A look at the local illegal immigrant population-and why life as we know it here in Westchester could grind to a halt without it.
Ever eat at the Iron Horse Grill, the consummately polished restaurant just around the corner from the
McGrath requires documentation from everyone he hires, but some of his employees could theoretically be among the 60,000 or so illegal immigrants in our county who serve you dinner and pour you water at restaurants, cut your grass and plant your shrubs, scrub your floors and polish your silverware, wash your cars and starch your shirts, watch your kids and empty your great aunt’s bedpan in the hospital.
They are the men and women whose labor helps make
One day soon after the May 1st national demonstrations for immigrant rights, her entire staff stayed home, spooked by a rumor of a retaliatory crackdown. “For days afterwards, they were nervously looking over their shoulders,” the landscaper says. She was nervous, too. “I’d heard immigration officers were going after employers and fining them ten thousand dollars,” she says. None of these tales were true, but they reflect the unease and fear of both undocumented workers and those who employ them.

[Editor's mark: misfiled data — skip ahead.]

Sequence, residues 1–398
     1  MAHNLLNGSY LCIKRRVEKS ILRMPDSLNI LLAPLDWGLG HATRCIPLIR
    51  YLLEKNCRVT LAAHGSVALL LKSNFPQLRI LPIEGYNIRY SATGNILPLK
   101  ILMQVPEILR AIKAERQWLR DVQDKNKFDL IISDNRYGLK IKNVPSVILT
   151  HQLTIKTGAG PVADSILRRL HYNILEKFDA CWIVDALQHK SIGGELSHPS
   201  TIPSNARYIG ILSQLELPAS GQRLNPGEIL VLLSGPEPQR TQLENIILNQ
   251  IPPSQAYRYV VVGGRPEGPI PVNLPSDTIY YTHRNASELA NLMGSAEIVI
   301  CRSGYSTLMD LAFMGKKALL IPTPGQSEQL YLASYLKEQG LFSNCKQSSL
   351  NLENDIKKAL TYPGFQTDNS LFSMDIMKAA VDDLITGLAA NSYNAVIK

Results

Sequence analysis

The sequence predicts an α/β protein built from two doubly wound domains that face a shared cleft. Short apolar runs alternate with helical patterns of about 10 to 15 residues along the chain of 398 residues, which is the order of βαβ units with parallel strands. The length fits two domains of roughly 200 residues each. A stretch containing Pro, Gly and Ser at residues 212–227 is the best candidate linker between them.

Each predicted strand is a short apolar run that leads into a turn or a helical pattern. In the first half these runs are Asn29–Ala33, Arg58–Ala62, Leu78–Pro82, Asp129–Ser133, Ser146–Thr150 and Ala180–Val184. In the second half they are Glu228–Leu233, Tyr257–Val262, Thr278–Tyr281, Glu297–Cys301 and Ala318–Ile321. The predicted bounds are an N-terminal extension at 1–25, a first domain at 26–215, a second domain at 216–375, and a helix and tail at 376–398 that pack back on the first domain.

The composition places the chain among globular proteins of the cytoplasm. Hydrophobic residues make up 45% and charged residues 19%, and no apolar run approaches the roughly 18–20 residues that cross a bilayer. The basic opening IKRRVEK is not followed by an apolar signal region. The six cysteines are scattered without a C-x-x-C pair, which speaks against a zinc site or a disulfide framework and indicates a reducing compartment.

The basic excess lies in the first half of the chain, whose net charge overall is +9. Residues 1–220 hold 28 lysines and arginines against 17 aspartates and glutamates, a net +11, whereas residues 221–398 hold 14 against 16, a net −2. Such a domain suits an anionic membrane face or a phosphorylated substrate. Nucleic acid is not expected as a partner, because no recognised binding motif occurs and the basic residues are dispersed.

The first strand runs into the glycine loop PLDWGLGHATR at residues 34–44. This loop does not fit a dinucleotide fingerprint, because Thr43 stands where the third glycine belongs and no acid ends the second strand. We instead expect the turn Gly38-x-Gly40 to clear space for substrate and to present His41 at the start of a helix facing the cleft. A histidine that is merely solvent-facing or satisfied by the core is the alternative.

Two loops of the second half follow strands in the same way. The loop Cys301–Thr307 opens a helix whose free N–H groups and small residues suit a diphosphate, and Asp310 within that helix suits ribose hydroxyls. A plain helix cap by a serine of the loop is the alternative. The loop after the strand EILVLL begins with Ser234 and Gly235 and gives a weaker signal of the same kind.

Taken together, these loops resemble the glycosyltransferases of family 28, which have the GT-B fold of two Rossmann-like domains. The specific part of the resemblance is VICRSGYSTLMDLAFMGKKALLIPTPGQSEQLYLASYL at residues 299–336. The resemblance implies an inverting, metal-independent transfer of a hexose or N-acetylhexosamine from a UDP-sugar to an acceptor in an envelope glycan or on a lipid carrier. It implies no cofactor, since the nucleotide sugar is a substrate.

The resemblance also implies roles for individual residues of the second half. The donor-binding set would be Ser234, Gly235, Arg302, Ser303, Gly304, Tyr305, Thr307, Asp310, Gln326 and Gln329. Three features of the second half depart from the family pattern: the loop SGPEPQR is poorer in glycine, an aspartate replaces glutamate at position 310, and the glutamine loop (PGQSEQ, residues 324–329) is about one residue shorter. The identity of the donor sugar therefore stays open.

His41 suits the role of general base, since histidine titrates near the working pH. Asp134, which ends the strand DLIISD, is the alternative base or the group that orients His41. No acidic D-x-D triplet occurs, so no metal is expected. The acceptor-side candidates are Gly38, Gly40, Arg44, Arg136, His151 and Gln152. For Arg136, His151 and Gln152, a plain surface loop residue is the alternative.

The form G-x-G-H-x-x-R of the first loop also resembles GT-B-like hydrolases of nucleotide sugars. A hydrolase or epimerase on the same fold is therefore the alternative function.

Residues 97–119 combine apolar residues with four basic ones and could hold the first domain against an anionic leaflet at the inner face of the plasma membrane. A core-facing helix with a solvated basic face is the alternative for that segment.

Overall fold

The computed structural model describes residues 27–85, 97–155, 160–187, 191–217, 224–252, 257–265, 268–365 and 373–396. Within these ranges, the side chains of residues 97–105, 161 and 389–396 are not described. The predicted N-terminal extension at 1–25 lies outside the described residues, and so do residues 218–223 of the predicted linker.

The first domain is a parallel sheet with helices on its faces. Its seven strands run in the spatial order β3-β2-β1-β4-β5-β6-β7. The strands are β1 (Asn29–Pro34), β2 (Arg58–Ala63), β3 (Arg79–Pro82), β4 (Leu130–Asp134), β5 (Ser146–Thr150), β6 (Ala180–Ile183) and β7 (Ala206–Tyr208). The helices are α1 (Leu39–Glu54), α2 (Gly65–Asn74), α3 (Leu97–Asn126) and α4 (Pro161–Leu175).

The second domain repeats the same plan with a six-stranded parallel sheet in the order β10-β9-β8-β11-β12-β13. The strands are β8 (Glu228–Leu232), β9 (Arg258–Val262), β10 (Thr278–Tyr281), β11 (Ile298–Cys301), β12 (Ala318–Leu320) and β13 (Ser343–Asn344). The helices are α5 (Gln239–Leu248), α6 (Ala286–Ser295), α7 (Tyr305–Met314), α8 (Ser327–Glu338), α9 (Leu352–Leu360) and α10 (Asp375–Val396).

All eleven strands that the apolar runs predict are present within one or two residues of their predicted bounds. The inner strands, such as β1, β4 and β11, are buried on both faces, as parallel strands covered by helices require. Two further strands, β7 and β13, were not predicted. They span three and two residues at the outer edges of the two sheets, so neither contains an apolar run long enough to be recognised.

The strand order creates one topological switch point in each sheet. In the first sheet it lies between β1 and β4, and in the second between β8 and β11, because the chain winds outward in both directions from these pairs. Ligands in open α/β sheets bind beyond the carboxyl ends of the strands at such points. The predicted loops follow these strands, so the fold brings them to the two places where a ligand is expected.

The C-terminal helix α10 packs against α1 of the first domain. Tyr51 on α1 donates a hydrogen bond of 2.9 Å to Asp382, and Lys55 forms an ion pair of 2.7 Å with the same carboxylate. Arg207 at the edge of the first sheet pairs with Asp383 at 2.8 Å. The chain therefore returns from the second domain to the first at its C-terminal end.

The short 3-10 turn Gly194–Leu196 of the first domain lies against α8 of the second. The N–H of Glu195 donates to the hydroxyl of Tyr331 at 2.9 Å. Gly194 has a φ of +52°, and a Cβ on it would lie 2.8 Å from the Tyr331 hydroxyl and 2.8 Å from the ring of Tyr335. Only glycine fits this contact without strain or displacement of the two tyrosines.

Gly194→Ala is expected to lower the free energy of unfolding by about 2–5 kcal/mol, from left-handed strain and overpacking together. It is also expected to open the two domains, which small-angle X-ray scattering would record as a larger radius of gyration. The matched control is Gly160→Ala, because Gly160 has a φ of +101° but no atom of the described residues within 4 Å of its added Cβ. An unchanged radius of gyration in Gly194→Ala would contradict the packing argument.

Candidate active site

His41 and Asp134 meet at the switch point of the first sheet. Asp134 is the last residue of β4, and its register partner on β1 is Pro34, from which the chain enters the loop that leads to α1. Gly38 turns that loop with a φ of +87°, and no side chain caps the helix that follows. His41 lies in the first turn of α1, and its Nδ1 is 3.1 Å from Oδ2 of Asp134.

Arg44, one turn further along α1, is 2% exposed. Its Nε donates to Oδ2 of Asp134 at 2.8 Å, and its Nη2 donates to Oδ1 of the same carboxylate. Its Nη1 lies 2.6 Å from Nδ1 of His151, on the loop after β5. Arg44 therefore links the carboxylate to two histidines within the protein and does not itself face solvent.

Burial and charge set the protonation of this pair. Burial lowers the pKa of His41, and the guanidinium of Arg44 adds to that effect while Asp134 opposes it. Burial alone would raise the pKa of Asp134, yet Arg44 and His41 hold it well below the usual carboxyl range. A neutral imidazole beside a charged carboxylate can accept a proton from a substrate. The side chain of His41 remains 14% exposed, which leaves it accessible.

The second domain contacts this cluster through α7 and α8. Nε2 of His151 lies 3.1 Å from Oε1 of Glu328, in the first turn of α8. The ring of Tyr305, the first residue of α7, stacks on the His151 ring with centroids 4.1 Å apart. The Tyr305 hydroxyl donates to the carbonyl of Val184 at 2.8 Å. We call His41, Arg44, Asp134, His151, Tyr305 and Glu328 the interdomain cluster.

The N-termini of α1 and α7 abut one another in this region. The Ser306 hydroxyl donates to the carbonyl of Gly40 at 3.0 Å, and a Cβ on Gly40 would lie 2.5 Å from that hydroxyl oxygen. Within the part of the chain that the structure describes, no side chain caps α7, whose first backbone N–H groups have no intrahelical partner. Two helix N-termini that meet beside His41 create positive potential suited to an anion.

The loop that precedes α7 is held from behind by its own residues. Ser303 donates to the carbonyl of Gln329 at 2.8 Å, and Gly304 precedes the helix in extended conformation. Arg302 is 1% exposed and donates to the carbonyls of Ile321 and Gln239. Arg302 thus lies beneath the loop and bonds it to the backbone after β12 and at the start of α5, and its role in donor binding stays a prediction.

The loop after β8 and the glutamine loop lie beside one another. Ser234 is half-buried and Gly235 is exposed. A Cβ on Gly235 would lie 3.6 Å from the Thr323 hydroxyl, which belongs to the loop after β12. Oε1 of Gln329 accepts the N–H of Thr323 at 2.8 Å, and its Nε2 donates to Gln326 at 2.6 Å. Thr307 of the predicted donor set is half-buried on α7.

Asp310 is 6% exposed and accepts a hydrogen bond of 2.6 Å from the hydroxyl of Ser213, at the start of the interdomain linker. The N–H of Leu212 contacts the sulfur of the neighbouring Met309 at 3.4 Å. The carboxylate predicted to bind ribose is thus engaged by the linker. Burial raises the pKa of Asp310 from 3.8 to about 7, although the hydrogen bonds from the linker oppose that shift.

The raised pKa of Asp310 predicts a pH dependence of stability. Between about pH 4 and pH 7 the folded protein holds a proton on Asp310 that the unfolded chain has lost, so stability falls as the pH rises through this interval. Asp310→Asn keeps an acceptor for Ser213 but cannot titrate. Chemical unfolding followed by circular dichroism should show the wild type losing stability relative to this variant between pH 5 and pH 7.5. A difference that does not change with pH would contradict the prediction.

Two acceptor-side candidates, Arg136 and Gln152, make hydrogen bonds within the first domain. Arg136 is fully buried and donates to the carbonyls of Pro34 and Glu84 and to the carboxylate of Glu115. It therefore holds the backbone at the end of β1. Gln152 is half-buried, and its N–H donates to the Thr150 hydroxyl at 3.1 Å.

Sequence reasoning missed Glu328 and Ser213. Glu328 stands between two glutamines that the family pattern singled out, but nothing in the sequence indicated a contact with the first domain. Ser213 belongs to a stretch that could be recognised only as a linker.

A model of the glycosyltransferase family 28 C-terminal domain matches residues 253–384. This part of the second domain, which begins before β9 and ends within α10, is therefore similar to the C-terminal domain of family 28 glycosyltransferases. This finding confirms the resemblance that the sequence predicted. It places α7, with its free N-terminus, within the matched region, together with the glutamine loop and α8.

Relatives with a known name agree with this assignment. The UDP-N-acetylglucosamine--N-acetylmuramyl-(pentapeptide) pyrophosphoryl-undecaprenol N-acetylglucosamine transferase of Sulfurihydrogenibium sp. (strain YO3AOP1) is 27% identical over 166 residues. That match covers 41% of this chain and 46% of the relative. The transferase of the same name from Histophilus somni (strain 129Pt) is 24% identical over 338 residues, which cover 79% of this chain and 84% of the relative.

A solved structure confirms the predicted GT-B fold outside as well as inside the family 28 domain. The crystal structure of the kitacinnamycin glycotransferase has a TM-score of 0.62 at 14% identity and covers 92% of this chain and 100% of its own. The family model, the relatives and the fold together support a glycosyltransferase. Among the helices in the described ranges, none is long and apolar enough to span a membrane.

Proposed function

Fear and frustration. This spring, the Puerto Rican Legal Defense and Education Fund, a Latino civil rights group, sued Mamaroneck over the town’s decision to close a day-laborer hiring site at Columbus Park and accused the local police of intimidating immigrants from congregating, violating their constitutional rights to free assembly.
According to an article published in El Diario, police officers, on orders of the Town Board of Mamaroneck, dispersed workers and handed out tickets to the contractors who came by to hire them. The litigants and the town are reportedly trying to settle the case out of court.